How do I know if I have mites in my house?

How do I know if I have mites in my house?

In the hidden corners of our homes, tiny creatures called mites can silently thrive, causing potential problems for both our health and our living environment. These microscopic pests, with their remarkable adaptability and elusive nature, can be a source of concern for many homeowners. 

But how can one determine if these unwelcome guests have taken up residence in their abode? In this article, we will explore the telltale signs and symptoms that may indicate the presence of mites in your house. By understanding these indicators, you can take appropriate measures to address the situation and restore a sense of peace and comfort to your living space. So, let us embark on this journey of detection and learn how to uncover the secrets of mite infestations in your home.

What is a mite? 

What is a mite?

Mites, with a staggering count of over 45,000 known types, are elusive and multifaceted pests that belong to a broad category of troublemakers. These cunning creatures have mastered the art of wreaking havoc in various ways. From causing skin irritations and allergic reactions in humans and animals to damaging crops, furniture, and even delicate ecosystems, mites have certainly earned their reputation as troublesome adversaries. 


Where do mites live? 

These troublemakers inhabit a wide range of environments, from the depths of the sea to the vast expanse of forests and deserts. In fact, some mites can withstand temperatures as low as negative 22 degrees Fahrenheit or as high as 122 degrees Fahrenheit.

In terms of hosts, mites have adapted to live on a variety of them, including humans - such as you and me - and animals - such as birds, mammals, reptiles and even insects. For example, humans can be hosts to the Demodex folliculorum mite, which reside in hair follicles and sebaceous glands on the skin. (These mites are typically harmless and part of the natural microbiota on our bodies.)  Animals can be hosts to the Sarcoptes scabiei mite, which causes sarcoptic mange in animals such as dogs, (which leads to intense itching and skin irritation.)

Mites may also reside in soil, on plants and trees, and even within human dwellings. 

How small are they?

Mites come in a range of sizes, depending on the species. Generally, mites are very small. Here are a few examples: 

  • Dust Mites (Dermatophagoides pteronyssinus): These common household mites are microscopic, measuring around 0.2 to 0.3 millimeters in length.
  • Chigger Mites (Trombiculidae family): These mites are barely visible to the naked eye and measure about 0.2 to 0.4 millimeters in size during their larval stage.
  • Bird Mites (Dermanyssus gallinae): These mites, often found in bird nests or poultry facilities, range in size from 0.7 to 1.0 millimeters.
  • Clover Mites (Bryobia praetiosa): These red-colored mites are small, measuring around 0.75 millimeters in length.
  • Scabies Mites (Sarcoptes scabiei): These parasitic mites are barely visible to the naked eye and measure about 0.2 to 0.4 millimeters in size.

To give a comparison, .1 millimeters is roughly the thickness of plastic food wrap, whereas 1.5 millimeters is the thickness of a standard United States penny.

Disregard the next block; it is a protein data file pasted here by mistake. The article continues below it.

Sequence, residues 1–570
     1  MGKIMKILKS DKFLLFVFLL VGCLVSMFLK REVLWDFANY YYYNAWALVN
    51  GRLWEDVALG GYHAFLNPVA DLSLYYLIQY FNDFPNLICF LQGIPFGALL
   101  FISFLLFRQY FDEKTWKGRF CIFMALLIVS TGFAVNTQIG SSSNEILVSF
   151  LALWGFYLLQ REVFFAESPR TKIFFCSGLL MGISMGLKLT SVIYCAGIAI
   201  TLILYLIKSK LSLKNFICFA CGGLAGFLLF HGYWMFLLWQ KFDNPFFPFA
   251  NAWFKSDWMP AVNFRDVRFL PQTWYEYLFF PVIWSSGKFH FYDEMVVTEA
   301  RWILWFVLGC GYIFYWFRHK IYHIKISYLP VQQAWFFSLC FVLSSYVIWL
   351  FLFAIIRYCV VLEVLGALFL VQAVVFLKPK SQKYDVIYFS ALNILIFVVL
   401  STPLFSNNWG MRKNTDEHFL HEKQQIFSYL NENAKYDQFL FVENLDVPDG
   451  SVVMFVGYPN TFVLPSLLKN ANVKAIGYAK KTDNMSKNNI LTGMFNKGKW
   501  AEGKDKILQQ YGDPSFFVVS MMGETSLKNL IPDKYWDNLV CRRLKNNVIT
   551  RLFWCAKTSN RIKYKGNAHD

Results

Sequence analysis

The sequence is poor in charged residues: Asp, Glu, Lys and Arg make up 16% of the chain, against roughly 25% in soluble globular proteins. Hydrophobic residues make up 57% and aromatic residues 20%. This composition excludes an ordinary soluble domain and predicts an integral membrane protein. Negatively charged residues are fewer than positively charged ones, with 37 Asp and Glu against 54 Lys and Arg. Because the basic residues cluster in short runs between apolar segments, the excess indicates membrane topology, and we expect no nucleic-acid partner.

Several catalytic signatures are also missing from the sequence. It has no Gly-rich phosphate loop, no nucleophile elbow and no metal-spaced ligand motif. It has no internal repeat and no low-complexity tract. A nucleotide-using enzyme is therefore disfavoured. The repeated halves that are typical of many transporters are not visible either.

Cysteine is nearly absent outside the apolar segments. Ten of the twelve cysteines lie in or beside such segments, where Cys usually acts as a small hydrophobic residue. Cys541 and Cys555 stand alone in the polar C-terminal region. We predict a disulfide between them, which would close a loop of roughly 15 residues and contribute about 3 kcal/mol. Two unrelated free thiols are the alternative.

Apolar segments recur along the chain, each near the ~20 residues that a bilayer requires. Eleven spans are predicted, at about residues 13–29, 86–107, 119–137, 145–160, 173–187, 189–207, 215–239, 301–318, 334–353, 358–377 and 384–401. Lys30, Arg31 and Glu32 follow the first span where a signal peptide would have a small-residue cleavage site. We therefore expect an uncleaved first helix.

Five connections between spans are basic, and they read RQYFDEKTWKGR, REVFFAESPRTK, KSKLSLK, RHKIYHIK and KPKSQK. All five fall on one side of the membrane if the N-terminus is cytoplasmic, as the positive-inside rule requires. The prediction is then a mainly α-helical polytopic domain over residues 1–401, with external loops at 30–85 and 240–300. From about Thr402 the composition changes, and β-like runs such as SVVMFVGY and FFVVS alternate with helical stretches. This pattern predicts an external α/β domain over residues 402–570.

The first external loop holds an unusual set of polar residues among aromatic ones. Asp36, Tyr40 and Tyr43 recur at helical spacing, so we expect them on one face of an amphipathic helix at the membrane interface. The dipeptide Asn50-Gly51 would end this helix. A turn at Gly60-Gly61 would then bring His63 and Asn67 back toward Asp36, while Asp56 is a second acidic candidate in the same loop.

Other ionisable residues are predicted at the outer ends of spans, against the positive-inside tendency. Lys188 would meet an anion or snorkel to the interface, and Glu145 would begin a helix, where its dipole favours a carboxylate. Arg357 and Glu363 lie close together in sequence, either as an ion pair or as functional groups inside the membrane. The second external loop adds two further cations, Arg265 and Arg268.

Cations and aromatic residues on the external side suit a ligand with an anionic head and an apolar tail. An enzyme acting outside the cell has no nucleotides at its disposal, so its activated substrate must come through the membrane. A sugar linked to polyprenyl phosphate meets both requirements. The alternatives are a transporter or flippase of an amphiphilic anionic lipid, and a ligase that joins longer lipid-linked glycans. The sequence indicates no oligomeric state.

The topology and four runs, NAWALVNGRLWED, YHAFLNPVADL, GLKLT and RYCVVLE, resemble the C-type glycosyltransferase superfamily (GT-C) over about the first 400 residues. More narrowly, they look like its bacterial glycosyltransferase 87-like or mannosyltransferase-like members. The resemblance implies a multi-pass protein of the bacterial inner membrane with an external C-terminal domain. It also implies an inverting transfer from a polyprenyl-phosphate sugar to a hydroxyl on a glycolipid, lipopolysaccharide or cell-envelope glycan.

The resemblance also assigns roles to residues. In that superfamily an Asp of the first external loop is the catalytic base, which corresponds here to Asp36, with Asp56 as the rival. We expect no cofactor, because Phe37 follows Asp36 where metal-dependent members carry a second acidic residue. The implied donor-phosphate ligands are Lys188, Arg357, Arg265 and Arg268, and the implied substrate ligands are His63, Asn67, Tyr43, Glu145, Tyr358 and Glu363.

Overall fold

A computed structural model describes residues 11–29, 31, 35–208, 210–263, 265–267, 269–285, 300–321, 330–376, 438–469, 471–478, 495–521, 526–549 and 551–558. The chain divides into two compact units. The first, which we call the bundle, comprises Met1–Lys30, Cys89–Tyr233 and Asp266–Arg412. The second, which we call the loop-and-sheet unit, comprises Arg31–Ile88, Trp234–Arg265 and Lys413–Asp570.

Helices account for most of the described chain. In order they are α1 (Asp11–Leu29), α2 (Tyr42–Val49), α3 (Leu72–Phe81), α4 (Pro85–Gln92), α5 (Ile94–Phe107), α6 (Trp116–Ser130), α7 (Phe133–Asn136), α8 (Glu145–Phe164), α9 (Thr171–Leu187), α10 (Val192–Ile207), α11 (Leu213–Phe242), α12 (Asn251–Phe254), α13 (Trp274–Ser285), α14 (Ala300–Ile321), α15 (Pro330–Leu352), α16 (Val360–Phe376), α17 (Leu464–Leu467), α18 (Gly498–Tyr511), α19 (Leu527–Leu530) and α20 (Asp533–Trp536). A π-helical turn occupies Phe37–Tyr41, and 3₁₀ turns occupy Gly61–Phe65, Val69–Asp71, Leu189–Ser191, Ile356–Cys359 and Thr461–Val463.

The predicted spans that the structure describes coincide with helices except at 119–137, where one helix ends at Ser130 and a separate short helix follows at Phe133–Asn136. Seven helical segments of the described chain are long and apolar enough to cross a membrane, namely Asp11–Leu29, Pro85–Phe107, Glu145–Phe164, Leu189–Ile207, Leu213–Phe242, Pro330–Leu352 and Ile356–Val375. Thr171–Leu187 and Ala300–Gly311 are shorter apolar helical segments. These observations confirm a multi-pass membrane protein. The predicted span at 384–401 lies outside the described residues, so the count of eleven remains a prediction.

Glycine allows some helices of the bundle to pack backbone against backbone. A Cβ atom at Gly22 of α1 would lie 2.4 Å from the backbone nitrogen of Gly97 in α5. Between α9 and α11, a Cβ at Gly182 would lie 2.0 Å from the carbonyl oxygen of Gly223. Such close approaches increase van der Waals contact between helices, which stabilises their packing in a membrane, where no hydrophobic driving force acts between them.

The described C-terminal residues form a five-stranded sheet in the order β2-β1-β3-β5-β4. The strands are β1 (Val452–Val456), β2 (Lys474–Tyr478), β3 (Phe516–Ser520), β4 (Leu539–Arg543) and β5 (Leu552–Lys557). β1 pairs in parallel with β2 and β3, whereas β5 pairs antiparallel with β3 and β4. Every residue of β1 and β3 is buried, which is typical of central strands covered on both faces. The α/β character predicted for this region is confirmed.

How do I know if I have mites in my home? 

Mites are elusive intruders. Detecting their presence can be quite the challenge, but fear not, for I shall shed light on some telltale signs that may indicate their unwelcome presence in your home. Keep a keen eye out for:

  1. Skin irritation and itching: Mites are notorious for causing skin irritations and itching, particularly the human scabies mite (Sarcoptes scabiei). If you notice persistent itching or unexplained skin irritations, scabies mites could be the culprits. 
  2. Human scabies mites: These mites burrow into the skin and lay their eggs. The intense itching they cause is a result of the body's immune response to the mites and their activities, which include burrowing and leaving behind feces and secretions, beneath the skin. 
  3. Allergic reactions: Mite allergens can trigger allergic reactions in some individuals. Symptoms may include sneezing, runny nose, congestion, watery eyes or even asthma-like symptoms. If you or your family members experience these allergic responses without an apparent cause, mites could be a possibility.
  4. Visible signs of infestation: Though mites themselves are tiny and difficult to spot, you may notice visible signs of their presence. Look for clusters of small dots or black specks on bedding, furniture or carpets. These could be mite droppings or dead mites.
  5. Dust allergies: Mites thrive in dust, and their presence can contribute to increased dust levels in your home. If you or your family members suffer from dust allergies that seem to persist despite regular cleaning efforts, mites might be playing a role.
  6. Unexplained bites: If you wake up with unexplained bites or tiny red welts on your body, it could be a sign of mite activity. Certain mite species, such as bed mites or bird mites, may bite humans, leaving behind itchy, red marks.

What mites might I find in my home? 

There are five species of these tiny nuisances that might infiltrate your humble abode:

  • Dust mites: These pesky little creatures (both the Dermatophagoides pteronyssinus and the Dermatophagoides farinae species) make themselves at home in your bedding, carpets and upholstery, causing allergic reactions and making your life itchier than a wool sweater.